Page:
In this series of posts, I’ve covered the QoS strategy and the creation of policies used at the system level as well as FEX HIF and trunk ports. There are still policies which need to be defined and applied to access and routed (L3) interfaces – this post will cover creation of these. I’ve decided to keep all the information together instead of breaking it up which makes for a lot of reading, so it’s probably a good time to grab some refreshments before continuing this journey…
Thinking more about the types of traffic that will be in the datacenter, the follow guidelines apply:
- Traffic coming in via L3 links from the campus core to the datacenter will have already been marked at ingress. The only incoming traffic from the campus which may need different treatment will be voice, which will be marked DSCP 46 (EF). Everything else will be treated as best-effort. A policy will be created for these uplinks.
- Traffic between devices connected to the Nexus front-panel ports and between the Nexus switches themselves will use the same policies. Per our strategy, almost everything will be treated as best-effort except for Voice, iSCSI, and vMotion. However, there are some types of traffic which may be destined for networks outside the datacenter networks and which will be marked for upstream QoS. Most of these additional markings will be for OAM (Ops/Admin/Management) traffic, but there are a couple other traffic classes being marked as well.
In the past, I’ve created ACLs which match all traffic for a particular class. While this approach has worked as expected, I’ve recently begun giving more thought to simplifying configuration readability. If some small changes result in faster comprehension of the device configuration for other members of the network team, I believe that it’s worth a few more lines. As a result, I’ll create multiple smaller ACLs for traffic classification. Of course, this may all change after the next config review process…
Without further ado, let’s create some ACLs for the class-maps:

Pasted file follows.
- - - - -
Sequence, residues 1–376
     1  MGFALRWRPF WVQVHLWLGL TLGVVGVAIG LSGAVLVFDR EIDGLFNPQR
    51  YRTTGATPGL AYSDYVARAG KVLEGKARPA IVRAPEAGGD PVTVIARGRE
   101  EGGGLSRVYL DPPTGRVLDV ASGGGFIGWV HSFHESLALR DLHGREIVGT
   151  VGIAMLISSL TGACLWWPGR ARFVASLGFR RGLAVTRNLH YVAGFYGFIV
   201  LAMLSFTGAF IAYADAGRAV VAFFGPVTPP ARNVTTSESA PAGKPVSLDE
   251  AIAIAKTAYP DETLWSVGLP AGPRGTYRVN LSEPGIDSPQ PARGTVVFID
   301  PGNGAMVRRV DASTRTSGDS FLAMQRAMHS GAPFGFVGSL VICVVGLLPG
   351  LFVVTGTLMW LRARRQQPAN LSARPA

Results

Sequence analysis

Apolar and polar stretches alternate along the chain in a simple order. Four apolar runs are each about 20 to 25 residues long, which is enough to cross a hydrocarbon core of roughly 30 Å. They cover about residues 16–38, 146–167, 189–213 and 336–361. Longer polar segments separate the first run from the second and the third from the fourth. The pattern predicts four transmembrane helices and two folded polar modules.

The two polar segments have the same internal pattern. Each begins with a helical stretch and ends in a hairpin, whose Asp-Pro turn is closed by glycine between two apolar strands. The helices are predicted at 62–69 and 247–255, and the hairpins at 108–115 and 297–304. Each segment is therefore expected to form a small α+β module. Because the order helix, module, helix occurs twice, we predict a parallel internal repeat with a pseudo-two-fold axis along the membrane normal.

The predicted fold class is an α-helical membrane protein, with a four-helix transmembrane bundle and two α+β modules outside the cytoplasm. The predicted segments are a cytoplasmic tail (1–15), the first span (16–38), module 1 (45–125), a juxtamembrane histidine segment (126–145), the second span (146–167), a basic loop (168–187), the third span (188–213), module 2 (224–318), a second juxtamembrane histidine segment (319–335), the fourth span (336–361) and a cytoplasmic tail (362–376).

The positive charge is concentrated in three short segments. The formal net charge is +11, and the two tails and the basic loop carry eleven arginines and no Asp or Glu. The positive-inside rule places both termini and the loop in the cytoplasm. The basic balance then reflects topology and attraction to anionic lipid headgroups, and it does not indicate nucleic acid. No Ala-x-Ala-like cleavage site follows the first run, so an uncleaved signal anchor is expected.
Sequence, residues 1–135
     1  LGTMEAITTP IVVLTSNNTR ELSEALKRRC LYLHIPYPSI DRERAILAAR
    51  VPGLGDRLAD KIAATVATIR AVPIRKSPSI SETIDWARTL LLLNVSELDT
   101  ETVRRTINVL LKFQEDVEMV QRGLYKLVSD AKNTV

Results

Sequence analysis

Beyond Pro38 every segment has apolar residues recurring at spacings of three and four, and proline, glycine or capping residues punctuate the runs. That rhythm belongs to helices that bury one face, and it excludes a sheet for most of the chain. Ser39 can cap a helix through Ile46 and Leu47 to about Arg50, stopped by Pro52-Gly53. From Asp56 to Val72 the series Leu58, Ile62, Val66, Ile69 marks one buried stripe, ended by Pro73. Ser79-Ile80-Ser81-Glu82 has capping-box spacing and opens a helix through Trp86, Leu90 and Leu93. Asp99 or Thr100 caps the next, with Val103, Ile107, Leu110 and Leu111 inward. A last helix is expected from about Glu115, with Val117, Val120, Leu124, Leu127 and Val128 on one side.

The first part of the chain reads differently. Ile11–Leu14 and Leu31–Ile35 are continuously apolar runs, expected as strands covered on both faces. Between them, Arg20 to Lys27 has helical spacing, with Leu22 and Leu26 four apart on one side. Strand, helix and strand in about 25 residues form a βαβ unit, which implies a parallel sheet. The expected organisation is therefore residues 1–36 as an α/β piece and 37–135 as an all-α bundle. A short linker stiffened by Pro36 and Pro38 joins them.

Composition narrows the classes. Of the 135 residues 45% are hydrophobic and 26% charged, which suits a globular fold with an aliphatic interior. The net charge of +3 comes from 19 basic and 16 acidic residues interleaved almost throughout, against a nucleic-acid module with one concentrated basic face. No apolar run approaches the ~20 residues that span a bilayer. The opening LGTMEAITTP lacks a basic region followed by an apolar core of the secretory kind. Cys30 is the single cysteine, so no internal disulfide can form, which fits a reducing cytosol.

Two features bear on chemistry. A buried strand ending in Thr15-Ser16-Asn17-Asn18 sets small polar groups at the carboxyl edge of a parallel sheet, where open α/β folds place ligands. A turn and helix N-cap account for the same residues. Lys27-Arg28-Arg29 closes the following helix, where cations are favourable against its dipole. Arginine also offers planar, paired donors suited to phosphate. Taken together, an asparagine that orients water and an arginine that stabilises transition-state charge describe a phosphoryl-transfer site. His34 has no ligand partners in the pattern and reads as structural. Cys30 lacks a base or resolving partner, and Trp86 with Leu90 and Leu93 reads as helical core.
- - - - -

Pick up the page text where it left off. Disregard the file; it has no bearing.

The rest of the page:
! ! IPv4 and IPv6 ACLs for iSCSI. Matching source ports, as client traffic ! will originate from FEX HIFs and marked by vSphere vDS policies. ! ip access-list ACL-QOS-ISCSI 10 remark Match iSCSI Traffic 20 permit tcp any eq 860 any 30 permit tcp any eq 3260 any ! ipv6 access-list v6-ACL-QOS-ISCSI 10 remark Match iSCSI Traffic 20 permit tcp any eq 860 any 30 permit tcp any eq 3260 any ! ! ! IPv6 and IPv6 ACLs to match all ICMP traffic ! ip access-list ACL-QOS-ICMP 10 remark Match ICMP Traffic 20 permit icmp any any ! ipv6 access-list v6-ACL-QOS-ICMP 10 remark Match ICMP Traffic 20 permit icmp any any ! ! ! IPv4 and IPv6 to match HTTPS server traffic. Client traffic will ! mostly be sourced from upstream access ports - HTTPS in the datacenter ! mostly used for server management such as iLO and CIMC ! ip access-list ACL-QOS-HTTPS 10 remark Match HTTPS for Management 20 permit tcp any eq 443 any ! ipv6 access-list v6-ACL-QOS-HTTPS 10 remark Match HTTPS for Management 20 permit tcp any eq 443 any ! ! ! IPv4 and IPv6 ACLs matching NTP ! ip access-list ACL-QOS-NTP 10 remark Match NTP 20 permit udp any any eq ntp 30 permit udp any eq ntp any ! ipv6 access-list v6-ACL-QOS-NTP 10 remark Match NTP 20 permit udp any any eq ntp 30 permit udp any eq ntp any ! ! ! IPv4 and IPv6 ACLs matching SSH from server and client. While ! most clients will be in the campus, there is some server-to-server ! traffic generated as well. ! ip access-list ACL-QOS-SSH 10 remark Match SSH 20 permit tcp any any eq 22 30 permit tcp any eq 22 any ! ipv6 access-list v6-ACL-QOS-SSH 10 remark Match SSH 20 permit tcp any any eq 22 30 permit tcp any eq 22 any ! ! ! IPv4 and IPv6 bidirectional replication traffic - this may be within ! the datacenter or from/to an offsite DR location ! ip access-list ACL-QOS-NDMP 10 remark Match NDMP and SnapMirror 20 permit tcp any any eq 10000 30 permit tcp any eq 10000 any 40 permit tcp any any range 10566 10569 50 permit tcp any range 10566 10569 any 60 permit tcp any any eq 10571 70 permit tcp any eq 10571 any 80 permit tcp any any eq 10670 90 permit tcp any eq 10670 any ! ipv6 access-list v6-ACL-QOS-NDMP 10 remark Match NDMP and SnapMirror 20 permit tcp any any eq 10000 30 permit tcp any eq 10000 any 40 permit tcp any any range 10566 10569 50 permit tcp any range 10566 10569 any 60 permit tcp any any eq 10571 70 permit tcp any eq 10571 any 80 permit tcp any any eq 10670 90 permit tcp any eq 10670 any ! ! ! Finally, IPv4/IPv6 to match NFS data. ! ip access-list ACL-QOS-NFS 10 remark Match NFS Data Ports 20 permit tcp any any eq 2049 30 permit tcp any eq 2049 any ! ipv6 access-list v6-ACL-QOS-NFS 10 remark Match NFS Data Ports 20 permit tcp any any eq 2049 30 permit tcp any eq 2049 any